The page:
4G LTE Mobile Broadband: 99% Coverage Across 22 AT&T Landline States, Up to 300 Million Americans Served by the End of 2014

The majority of AT&T’s planned investment in its network will once again go to its highly profitable wireless division. At least $8 billion will be spent on bolstering AT&T’s 4G LTE wireless coverage area, especially in rural sections across its 22 state landline service area. That investment is necessary if AT&T hopes to win approval to decommission traditional landline service for rural customers.

  • 4G LTE Expansion: AT&T plans to expand its 4G LTE network to cover 300 million people in the United States by year-end 2014, up from its current plans to deploy 4G LTE to about 250 million people by year-end 2013. In AT&T’s 22-state wireline service area, the company expects its 4G LTE network will cover 99 percent of all customer locations;
  • Spectrum: AT&T continues its acquisition binge with more than 40 spectrum deals so far this year. AT&T’s biggest win of the year was approval for new WCS spectrum it will occupy alongside satellite radio. AT&T will have accumulated 118MHz of spectrum nationwide.
  • Small Cell Networks: AT&T has already aggressively deployed a large number of Wi-Fi hotspots to encourage customers to shift traffic off its traditional wireless network. The next priority will be deployment of small cell technology, macro cells, and distributed antenna systems that can offer neighborhood-sized cell sites to serve urban and suburban customers and high density traffic areas like shopping malls and entertainment venues.

AT&T’s wireless 4G LTE upgrades will cover 99% of the service areas where the company provides landline service. It has to offer blanket coverage if it hopes to win approval for decommissioning its current legacy landline network in rural America.

Using New Infrastructure to Drive New Business and Even Higher Revenue

AT&T would have had a hard time selling its planned investments to Wall Street without the promise of new revenue opportunities. AT&T’s new network enhancements will support a range of new services the company hopes to introduce to win greater revenue in the future:

  • AT&T Digital Life: A nationwide all IP-based home security and automation service set to launch in 2013 that will let consumers manage their home from virtually any device — smartphone, tablet or PC.
  • Mobile Premise Solutions: This new nationwide service, available today, is an alternative for wireline voice service and in the future will include high-speed IP Internet data services.
  • Mobile Wallet: AT&T is participating in the ISIS mobile wallet joint venture. Market trials are underway in Austin, Tex. and Salt Lake City today.
  • Connected Car: More than half of new vehicles are expected to be wirelessly connected by 2016. AT&T is positioned to expand from vehicle diagnostics and real time traffic updates to consumer applications that tie into retail wireless subscriber data plans. AT&T already has deals with leading manufacturers such as Ford, Nissan and BMW.

AT&T’s 2012 Investor Conference introduced major transformative changes for AT&T’s wired and wireless broadband networks.  (2 hours, 9 minutes)

Currently there are 3 comments on this Article:

  1. Scott says:

    The actual title of this story across the mainstream press is “AT&T caught in brazen 4G LIE” over their sworn record to the FCC that if they didn’t get the merger with T-Mobile they’d be unable to expand and deploy their 4G network to support more than 80% coverage. Now they’re magically able to spend and utilize existing available spectrum to cover 96% without the need to merge and reduce competition any further..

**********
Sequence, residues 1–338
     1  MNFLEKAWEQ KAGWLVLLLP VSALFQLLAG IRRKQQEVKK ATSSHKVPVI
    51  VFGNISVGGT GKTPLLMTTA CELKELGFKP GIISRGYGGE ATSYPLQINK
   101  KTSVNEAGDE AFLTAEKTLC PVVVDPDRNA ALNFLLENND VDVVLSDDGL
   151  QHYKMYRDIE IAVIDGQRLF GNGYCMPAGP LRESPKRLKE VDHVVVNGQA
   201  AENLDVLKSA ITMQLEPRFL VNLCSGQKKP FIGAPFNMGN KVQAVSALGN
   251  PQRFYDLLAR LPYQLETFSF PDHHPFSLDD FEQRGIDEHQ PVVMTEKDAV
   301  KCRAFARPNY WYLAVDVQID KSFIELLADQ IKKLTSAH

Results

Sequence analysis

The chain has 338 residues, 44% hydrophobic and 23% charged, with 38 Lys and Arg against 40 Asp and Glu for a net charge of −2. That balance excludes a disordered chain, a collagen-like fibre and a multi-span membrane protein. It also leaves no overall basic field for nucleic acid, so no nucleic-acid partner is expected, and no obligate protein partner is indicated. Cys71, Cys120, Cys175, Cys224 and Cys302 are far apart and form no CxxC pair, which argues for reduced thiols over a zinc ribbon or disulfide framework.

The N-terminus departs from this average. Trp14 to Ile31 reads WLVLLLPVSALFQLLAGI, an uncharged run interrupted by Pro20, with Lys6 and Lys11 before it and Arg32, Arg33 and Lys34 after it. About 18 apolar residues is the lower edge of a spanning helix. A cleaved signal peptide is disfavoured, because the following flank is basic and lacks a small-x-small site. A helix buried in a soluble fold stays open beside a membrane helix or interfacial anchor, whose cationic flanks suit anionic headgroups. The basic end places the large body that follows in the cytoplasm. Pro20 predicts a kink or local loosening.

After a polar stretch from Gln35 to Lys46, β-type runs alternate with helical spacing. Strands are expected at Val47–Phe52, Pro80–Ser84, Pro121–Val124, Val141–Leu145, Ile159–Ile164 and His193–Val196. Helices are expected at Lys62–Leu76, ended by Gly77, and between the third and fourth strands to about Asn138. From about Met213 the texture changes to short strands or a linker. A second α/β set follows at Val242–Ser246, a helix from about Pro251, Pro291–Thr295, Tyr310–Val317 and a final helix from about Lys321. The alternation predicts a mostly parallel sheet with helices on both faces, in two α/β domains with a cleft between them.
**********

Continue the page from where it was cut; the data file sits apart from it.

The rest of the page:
http://money.cnn.com/2012/11/07/technology/mobile/att-4g/?google_editors_picks=true

    Anyone with half a brain knew this wasn’t true and was just a desperate act to kill off a competitor, and the FCC wisely did their research and called AT&T’s bluff.

  2. Bob Brown says:

    Will be interested to see what AT&T does in Central Illinois market(specifically Peoria) since they have put NO capex in 10 years here. 3Mbps DSL is it here….and they are getting pounded by Comcast. May be too late for them here…

    Also, only PARTS of Springfield, Champaign-Urbana, Danville, and Decatur have some AT&T U-Verse, for the last few years. I hear that their market share is quite small there.

  3. James Cieloha says:

    I would love to see me wanting CenturyLink taking over all of California, Nevada and Connecticut, and all of the urban and suburban market areas in Texas (Dallas-Fort Worth, Houston, San Antonio, Austin, El Paso), Oklahoma (Oklahoma City, Tulsa), Kansas (Wichita, Topeka, Kansas City), Missouri (Kansas City, Saint Louis), Arkansas (Little Rock), Louisiana (New Orleans), Mississippi, Alabama (Birmingham), Florida (Miami, Orlando, Jacksonville, Tampa), Georgia (Atlanta), Kentucky (Louisville), Tennessee (Memphis, Nashville), North Carolina (Charlotte), South Carolina, Wisconsin (Milwaukee), Illinois (Chicago), Indiana (Indianapolis), Ohio (Cleveland, Columbus), and Michigan (Detroit), and Windstream taking taking over all of the small and rural market areas in Texas, Oklahoma, Kansas, Missouri, Arkansas, Louisiana,, Mississippi, Alabama, Florida, Georgia, Kentucky, Tennessee, North Carolina, South Carolina, Wisconsin, Illinois, Indiana, Ohio, and Michigan from AT&T and both CenturyLink and Windstream be required to make a real big concession that they promised not to enforce usage based caps and usage meters to all the customers and allow all the communities to build their own broadband networks offering up to 1GB high speed internet broadband speeds and services at very reasonable prices.